Display of eerie talismans to let one seek and find the reason to believe – and live on.
It would be easy to get lost in the endless string of this Austrian group’s releases if only they didn’t provide Ariadne’s thread in terms of loose concept. A year after "Sucht & Ordnung" – brief, but labyrinthine – Albin Julius reaches for deeper truths, and “What Makes You Pray” is a repository of such, although there’s not a lot of light on the album.
As a result, the ominously exciting clang of “Shine” is ravished with chthonic hum whose funereal pull slowly reveals a riveting meandering tune until ritualistic vocals crawl out to focus the piece’s epic pulse and channel its solemnity inwards, while “El Ocaso” serves as a window into the record’s ever-expanding vista which is spiced up with tribal drums, half-heard chant and filigree fretboard caress. The piano-rippled undertow of “Right” – short yet striking – should shatter the listener to the core, and& “Time” is bound to show the picturesque, creaky, creeping horror, whereas the title track’s rhythmic vibe gets resolved in retro twang.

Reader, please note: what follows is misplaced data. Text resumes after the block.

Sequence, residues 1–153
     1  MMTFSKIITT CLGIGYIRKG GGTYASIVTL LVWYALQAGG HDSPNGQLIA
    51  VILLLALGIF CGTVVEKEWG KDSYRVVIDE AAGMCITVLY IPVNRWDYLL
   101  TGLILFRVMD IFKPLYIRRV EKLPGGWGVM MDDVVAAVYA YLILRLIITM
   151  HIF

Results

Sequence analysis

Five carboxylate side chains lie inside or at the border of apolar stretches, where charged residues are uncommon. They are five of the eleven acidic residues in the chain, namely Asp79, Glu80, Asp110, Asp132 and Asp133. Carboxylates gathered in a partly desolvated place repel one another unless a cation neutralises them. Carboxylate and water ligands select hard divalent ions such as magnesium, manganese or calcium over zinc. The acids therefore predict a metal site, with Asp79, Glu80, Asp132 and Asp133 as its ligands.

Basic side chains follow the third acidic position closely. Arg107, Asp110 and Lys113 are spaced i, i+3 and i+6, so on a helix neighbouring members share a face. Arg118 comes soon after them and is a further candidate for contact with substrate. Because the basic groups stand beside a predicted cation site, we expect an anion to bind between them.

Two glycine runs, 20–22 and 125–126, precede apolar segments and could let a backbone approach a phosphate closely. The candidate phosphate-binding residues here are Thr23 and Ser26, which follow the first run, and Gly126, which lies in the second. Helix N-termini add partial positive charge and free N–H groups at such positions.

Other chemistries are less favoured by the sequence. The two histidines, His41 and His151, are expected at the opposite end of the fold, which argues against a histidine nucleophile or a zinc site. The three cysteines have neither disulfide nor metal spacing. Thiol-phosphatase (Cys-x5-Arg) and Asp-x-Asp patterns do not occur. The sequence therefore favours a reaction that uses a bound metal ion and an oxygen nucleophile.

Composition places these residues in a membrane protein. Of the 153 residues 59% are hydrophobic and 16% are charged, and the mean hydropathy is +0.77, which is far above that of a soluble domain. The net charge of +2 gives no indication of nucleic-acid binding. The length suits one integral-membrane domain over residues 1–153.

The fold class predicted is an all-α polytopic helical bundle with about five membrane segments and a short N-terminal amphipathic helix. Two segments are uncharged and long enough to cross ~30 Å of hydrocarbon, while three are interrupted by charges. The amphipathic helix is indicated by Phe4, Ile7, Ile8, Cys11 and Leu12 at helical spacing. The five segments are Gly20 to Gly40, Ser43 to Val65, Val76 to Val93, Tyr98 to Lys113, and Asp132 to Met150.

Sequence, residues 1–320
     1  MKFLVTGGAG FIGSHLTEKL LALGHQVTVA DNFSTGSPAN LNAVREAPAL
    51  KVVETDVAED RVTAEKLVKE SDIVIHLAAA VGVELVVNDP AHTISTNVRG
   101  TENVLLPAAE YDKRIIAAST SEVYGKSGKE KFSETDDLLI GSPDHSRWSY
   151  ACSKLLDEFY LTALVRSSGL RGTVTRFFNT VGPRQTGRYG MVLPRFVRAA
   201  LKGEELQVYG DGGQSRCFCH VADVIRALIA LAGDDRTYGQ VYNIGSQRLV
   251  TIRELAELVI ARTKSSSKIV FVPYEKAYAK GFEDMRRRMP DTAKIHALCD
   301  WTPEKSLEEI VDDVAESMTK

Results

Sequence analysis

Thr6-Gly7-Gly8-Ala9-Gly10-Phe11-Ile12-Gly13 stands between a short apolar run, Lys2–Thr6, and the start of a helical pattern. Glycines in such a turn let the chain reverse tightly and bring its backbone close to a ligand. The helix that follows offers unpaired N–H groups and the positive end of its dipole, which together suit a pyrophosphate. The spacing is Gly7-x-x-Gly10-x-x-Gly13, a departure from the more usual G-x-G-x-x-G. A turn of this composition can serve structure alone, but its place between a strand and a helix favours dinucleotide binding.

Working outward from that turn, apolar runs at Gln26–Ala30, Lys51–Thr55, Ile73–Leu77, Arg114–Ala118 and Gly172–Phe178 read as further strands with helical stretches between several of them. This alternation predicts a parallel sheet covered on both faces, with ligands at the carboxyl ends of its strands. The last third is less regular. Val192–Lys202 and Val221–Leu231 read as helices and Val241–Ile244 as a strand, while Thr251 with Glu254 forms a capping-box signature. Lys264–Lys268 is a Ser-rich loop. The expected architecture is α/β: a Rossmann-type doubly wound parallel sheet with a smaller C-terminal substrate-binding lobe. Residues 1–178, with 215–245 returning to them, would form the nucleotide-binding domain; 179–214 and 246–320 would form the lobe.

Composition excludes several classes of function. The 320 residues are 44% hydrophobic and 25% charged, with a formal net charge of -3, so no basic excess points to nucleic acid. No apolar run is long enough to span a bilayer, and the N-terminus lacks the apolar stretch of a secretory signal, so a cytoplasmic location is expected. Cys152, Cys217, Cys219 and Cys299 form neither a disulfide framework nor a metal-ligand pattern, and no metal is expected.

Even more down-to-earth – or up to its surface – “Wolf On Your Threshold” unfolds a blues guitar’s weave that’s as unrelenting as it’s irresistible in this invocation of one’s deepest fears and, at the same time, of awe before the beauty of the beast, but the album’s mostly unhurried pace is deceptive. With “You Bring Low” skittering a variety of beats in a rather frenetic dance manner, and “Land Of Free” having rock ‘n’ roll smile painted all over its heavy frown of a riff, there’s laughter in there, too – otherwise, praying wouldn’t work. A gratifying record, indeed.